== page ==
Discussion in 'Professional Trading' started by crgarcia, Mar 9, 2009.
This crisis proved that Business Schools and Finance/Economy Universities are worthless?
If that is what you are asserting then you couldn't be more wrong. This crisis proved that, once again, fear and greed take over in the human thought process. The idiots at the tops of the banks completely ignored risk management and now we see exactly what happens when you do that...a major blowup.
All the finance books written before this crisis are useless
Isn't that the point of the original post though? These guys were all supposidly trained by the best business schools and they "completely ignored risk management".
Might not be the schools fault, but it makes it look like their students don't retain the lessons they are supposed to have learned.
There are 2 things this crisis has made clear and that is that the following statements have been disproved:
Efficient Market Theory dictates the market is efficient
Traders provide better price discovery
Not really, in my respectfully humble view. This demonstrates that it only takes a few people with enough power and greed to ruin it for everyone else. Been happening since the beginning of time.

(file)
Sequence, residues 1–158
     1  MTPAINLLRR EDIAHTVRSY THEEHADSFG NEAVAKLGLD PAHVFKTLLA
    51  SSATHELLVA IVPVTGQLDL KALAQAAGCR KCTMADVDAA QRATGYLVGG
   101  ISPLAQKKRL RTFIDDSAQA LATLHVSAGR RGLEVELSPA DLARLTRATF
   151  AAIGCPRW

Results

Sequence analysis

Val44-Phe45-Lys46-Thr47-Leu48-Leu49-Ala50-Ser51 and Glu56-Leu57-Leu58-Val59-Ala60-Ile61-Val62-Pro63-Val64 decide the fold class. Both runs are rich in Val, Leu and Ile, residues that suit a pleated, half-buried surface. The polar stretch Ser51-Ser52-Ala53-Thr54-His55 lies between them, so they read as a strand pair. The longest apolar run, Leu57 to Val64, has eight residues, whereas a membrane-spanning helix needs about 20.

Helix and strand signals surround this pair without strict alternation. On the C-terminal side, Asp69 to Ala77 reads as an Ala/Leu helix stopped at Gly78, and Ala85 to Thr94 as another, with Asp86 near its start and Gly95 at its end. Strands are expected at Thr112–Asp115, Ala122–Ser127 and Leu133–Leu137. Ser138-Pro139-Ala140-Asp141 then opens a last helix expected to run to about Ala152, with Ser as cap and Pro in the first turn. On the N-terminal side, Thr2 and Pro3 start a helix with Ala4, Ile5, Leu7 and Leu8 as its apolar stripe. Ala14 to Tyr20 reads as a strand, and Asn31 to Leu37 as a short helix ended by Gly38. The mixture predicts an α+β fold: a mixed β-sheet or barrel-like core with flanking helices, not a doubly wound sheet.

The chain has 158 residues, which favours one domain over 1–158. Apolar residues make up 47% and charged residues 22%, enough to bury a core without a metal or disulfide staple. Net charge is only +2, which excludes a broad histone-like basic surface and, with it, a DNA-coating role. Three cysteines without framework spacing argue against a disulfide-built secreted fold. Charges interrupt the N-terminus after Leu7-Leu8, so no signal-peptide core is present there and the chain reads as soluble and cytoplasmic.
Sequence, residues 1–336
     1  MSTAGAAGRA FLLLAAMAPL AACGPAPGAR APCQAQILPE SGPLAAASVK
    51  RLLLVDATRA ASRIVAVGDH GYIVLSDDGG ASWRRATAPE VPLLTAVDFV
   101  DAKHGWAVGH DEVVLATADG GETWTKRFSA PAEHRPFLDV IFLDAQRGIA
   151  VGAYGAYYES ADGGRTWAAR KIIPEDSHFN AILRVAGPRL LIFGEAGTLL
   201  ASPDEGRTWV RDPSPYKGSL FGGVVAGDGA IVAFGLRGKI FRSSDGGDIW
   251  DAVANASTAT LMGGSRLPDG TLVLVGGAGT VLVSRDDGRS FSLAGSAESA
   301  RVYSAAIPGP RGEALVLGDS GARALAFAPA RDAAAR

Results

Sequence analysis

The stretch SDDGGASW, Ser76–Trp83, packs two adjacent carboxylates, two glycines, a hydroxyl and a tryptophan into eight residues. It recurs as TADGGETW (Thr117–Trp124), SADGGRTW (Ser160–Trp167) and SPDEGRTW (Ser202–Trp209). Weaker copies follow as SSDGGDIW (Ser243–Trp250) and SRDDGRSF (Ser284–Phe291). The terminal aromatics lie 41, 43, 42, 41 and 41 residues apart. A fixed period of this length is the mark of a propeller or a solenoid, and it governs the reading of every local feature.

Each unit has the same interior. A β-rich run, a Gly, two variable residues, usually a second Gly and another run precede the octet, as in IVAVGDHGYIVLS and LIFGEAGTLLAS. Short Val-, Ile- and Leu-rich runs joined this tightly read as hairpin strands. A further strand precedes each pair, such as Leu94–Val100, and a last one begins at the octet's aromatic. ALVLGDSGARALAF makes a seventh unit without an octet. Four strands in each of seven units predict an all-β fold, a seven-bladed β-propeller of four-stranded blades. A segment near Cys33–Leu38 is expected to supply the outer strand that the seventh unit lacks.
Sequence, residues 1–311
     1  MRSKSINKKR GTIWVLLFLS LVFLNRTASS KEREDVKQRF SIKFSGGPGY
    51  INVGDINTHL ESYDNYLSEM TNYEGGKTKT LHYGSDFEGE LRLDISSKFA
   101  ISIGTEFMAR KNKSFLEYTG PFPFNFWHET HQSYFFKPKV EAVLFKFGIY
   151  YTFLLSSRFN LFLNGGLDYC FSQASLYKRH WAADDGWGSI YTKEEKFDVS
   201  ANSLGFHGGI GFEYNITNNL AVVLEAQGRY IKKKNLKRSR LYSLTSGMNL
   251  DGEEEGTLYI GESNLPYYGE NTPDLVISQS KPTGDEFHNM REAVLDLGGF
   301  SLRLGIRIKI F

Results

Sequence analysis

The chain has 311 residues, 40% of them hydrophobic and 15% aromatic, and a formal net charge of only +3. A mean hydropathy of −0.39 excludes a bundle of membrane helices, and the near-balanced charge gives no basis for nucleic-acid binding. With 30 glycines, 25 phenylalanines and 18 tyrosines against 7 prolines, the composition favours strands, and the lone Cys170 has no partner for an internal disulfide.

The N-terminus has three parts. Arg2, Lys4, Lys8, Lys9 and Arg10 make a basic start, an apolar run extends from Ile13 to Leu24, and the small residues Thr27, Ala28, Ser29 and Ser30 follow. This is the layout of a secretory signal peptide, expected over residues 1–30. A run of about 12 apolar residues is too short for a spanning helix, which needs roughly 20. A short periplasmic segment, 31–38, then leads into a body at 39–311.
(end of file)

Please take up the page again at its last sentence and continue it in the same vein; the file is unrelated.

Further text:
Think about it, the individuals who are most in the wrong had monetary incentives and golden parachutes out the wazoo. People do a lot of crazy things for money and often times care little about the consequeces to others.
Crisis has also shown [proved?] the worth of technical analysis... Do they even teach it in B school?
all it has proved is that finance is not a science..
something alot of smart people forgot in the past 10 years.
Higher business and economics education may not be worthless, but it is certainly dangerous when the grads move into positions of power too quickly in gov't and financial firms.
This crisis hasn't proven anything relevant to this post. This crisis has revealed that the major world banks have been insolvent since the mid 80's, but have been propped up by ponzi finance. Then, inflation got out of control and the world central banks thought they could reign it in without popping the bubble, since they have done it for about 30 years successfully. But, this time, the 600 trillion derivatives market collapsed. The US government may not be able to absorb the losses that it will take to revive the banking system, unless the whole world intervenes. What we have learned is that banks cannot chase profits at the expense of the real economy for long without causing a catastrophic failure.
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